Attenuation is a reduction in signal strength over distance. Attenuation is a common problem of telecommunication cables that causes a decrease in data speeds on longer cables. Attenuation is also known as “loss” and can be countered by data repeaters and amplifiers. While attenuation is a problem for long cables, short cables do not usually experience high amounts of attenuation, even if the same amount of data is transferred.
How Attenuation Works
Attenuation is caused by resistance of electricity in the cable it is transferred through, which causes waste and loss of data. While a computer network is designed to retransmit any information that is lost, the additional data results in a longer transfer time, causing slower data speeds and lower bandwidth among the computers connected to the network. Because of this, cables are limited by a specific amount of attenuation (measured in decibels) over a specified distance before they can be distributed on the open market.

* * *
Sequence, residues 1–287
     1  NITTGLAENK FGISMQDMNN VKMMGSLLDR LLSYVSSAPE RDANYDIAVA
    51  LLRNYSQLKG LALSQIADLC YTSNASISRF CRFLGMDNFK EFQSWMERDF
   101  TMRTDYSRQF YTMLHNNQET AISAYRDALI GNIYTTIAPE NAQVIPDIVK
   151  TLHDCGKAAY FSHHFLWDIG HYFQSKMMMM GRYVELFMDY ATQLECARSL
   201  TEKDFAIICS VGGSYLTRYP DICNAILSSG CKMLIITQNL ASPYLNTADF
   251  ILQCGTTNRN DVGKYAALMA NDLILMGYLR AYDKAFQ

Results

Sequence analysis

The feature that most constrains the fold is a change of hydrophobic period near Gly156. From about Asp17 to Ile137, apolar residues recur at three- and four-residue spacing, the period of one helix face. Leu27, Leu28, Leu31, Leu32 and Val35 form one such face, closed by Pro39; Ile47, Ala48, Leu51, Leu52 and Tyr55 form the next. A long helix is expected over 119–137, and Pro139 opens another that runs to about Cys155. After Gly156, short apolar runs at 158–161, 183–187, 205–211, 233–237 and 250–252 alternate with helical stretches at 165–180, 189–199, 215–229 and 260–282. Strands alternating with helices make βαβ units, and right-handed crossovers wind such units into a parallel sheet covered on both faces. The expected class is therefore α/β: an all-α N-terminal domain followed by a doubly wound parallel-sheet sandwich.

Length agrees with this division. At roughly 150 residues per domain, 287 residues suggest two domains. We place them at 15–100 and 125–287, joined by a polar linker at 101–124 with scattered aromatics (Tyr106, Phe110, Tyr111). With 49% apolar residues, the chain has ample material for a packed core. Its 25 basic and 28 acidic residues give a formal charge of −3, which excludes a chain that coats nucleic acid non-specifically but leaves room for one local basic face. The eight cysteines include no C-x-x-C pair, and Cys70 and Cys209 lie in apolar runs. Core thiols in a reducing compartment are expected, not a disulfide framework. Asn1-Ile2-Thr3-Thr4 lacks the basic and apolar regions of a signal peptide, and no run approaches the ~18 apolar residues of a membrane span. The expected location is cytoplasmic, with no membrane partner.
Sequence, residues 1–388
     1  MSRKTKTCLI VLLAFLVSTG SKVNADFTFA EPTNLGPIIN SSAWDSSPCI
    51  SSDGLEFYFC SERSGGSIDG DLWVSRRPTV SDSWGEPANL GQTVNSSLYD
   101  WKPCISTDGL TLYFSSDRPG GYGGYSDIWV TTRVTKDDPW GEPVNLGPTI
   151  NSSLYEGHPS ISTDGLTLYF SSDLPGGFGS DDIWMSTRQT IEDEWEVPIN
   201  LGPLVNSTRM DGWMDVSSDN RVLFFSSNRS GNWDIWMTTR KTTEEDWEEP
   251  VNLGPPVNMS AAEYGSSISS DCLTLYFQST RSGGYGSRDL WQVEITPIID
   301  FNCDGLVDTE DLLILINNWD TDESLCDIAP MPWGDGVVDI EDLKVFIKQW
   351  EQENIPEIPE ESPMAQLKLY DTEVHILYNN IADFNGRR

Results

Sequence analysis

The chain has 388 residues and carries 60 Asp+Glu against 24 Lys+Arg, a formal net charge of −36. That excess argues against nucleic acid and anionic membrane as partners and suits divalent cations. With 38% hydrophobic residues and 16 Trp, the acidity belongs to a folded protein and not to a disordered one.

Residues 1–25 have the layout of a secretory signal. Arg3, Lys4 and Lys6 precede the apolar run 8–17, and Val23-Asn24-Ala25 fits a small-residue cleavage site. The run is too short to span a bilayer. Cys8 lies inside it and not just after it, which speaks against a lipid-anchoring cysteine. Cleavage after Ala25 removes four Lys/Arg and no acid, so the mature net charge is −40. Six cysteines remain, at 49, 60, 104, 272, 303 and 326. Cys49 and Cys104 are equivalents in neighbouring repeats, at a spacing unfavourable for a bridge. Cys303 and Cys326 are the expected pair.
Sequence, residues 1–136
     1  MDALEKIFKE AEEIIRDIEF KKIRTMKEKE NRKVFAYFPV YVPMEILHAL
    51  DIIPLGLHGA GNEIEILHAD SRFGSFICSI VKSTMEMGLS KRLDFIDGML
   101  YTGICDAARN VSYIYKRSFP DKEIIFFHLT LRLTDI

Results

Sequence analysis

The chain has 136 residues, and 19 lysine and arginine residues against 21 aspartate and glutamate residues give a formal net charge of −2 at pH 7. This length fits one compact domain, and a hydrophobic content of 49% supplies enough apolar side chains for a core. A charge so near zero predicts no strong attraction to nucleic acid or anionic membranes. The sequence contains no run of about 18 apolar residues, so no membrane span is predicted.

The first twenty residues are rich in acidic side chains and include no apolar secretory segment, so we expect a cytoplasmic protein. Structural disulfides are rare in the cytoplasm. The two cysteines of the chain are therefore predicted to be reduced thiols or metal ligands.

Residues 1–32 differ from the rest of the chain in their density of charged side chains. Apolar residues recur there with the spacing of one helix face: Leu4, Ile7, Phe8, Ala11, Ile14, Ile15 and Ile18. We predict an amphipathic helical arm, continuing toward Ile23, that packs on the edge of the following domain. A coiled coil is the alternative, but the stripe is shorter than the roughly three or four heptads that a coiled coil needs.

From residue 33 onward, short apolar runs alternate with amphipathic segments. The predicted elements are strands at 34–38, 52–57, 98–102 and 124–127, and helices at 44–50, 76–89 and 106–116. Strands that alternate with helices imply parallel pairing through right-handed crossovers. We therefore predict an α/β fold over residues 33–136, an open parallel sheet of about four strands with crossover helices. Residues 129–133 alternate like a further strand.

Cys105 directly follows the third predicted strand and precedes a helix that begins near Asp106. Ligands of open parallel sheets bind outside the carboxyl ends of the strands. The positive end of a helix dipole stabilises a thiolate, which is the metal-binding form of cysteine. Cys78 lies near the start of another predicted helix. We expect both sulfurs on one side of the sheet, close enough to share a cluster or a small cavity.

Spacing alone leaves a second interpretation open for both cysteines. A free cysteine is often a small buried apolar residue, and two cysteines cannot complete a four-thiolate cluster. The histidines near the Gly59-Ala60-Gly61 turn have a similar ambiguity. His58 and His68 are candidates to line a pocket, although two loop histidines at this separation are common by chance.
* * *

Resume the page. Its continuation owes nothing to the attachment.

Attenuation is most often found in cables, but can also be found in wireless and even fiber optic systems due to the propagation of signals over distance. For example, radio waves broadcast from a satellite with spread out over a long distance and will eventually be unreadable if not intercepted.